300: Contributing to Open Source
Github makes it incredibly easy to contribute to open source projects. In this episode we’ll show you how to do so by submitting a pull request to the VCR project. We covered this gem, which provides a way to record HTTP interactions and play them back in order to speed up tests, back in episode 291. Myron Marston, the gem’s author, is very good at keeping up with contributions from other people.
Let’s say that we’ve found an issue with this gem that we’d like to contribute a patch for. The first thing we should do is look at the gem’s issue tracker and make sure that it hasn’t already been addressed. If the project has a mailing list then it’s also a good idea to search this for any items related to the issue we’ve found. For large changes it’s a good idea to discuss it first to see if the change is needed.
Once we’re ready to start on our fix the first step is to fork the project. To do this we need to visit the project’s home page and click the ‘fork’ button. This will give us our own copy of the repository and will take a few seconds to complete but once it has we can visit our new fork and get its URL so that we can clone it.
$ git clone email@example.com:eifion/vcr.git $ cd vcr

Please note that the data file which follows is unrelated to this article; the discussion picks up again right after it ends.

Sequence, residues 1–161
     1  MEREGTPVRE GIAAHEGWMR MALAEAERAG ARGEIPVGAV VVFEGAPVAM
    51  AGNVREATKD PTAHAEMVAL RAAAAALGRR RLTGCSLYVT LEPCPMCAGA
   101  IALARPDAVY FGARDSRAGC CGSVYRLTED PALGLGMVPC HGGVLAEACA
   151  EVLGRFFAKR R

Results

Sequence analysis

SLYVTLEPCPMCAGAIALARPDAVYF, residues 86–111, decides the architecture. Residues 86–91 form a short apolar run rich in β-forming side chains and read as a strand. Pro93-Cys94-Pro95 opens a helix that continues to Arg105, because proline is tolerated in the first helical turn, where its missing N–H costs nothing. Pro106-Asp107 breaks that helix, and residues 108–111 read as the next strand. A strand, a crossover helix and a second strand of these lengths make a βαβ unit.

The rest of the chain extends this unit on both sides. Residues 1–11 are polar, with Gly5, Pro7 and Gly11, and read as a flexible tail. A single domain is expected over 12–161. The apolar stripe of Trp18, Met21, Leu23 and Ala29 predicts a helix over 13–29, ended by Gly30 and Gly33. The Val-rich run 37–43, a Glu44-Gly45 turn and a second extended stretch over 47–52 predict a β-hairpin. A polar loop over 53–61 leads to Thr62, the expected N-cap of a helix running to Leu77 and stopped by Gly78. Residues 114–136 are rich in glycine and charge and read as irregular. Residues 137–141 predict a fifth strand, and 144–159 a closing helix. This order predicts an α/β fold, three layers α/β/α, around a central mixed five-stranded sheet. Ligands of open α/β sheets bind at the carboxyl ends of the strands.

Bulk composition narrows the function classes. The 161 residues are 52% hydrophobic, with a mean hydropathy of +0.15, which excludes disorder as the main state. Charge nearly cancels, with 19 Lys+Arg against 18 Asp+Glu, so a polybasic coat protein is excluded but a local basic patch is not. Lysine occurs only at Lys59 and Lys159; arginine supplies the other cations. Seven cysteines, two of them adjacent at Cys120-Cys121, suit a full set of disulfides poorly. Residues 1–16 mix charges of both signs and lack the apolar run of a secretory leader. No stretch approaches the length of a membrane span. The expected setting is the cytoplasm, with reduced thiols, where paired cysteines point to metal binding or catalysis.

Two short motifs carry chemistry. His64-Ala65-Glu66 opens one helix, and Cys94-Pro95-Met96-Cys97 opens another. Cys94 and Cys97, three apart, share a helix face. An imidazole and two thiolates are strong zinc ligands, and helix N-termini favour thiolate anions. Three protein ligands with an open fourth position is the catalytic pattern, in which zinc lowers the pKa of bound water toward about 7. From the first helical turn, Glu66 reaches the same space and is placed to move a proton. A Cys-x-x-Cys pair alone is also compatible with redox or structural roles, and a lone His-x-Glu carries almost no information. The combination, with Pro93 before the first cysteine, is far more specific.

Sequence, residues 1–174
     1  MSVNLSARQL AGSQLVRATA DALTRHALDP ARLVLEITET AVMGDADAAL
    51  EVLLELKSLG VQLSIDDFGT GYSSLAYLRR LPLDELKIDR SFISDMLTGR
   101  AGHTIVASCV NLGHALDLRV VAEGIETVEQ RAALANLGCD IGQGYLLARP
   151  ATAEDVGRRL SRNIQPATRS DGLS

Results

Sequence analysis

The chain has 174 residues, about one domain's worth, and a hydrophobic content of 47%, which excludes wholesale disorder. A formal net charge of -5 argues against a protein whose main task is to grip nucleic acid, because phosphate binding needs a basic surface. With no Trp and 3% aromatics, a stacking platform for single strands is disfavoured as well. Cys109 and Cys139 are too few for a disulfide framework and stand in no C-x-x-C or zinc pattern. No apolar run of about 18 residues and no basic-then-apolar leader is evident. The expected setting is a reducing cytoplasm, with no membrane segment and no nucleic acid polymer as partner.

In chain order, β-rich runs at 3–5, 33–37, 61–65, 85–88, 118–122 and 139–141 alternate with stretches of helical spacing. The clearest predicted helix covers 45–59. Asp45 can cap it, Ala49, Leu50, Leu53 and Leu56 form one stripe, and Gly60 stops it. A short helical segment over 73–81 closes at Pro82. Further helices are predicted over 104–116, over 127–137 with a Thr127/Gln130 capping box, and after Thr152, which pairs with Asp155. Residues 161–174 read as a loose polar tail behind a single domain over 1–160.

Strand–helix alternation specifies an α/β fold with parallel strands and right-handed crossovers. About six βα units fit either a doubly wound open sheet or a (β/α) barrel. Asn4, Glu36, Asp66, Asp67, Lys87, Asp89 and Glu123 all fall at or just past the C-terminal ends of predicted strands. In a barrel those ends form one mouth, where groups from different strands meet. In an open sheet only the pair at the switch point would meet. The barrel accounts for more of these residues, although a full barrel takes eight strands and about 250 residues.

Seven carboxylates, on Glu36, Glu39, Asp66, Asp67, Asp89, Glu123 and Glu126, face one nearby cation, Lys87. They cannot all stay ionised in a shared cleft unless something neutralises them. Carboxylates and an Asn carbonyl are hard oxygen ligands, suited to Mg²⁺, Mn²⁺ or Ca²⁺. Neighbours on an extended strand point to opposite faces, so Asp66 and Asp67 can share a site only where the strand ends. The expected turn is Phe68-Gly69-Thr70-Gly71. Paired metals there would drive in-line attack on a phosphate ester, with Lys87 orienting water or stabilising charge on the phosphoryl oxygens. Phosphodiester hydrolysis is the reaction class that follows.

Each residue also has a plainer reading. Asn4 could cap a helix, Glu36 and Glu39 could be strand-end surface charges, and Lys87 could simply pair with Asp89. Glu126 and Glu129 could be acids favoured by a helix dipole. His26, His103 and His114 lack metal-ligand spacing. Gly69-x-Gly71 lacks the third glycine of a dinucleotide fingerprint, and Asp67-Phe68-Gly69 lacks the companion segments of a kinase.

When we’ve cloned the repository we should see what branches it has.
$ git branch -r origin/1-x-stable origin/HEAD -> origin/master origin/jruby_nailgun origin/master
One thing to notice here is that there’s a branch for the stable release of version 1 which is the current version of the gem. The master branch points to version 2 which is currently in pre-release. This is something to keep in mind: the version of the gem that you’re using may different from the one you’re working on in the code.
When setting up the development environment for a project it’s a good idea to check the documentation. In this case there’s a development section in the README file that tells us that pull requests are welcome, but that any changes we made need to be fully covered by tests. The README doesn’t have any instructions on running the gem’s test suite but it’s encouraging to see that Travis CI says that the tests are all currently passing.
The project has a Gemfile so it uses Bundler to manage its dependencies. We should be able to install these by running
bundle install but when we try this we see an error. This is to be expected as every system is set up differently so we should expect to run into a couple of hiccups when we try to set up a project in our environment.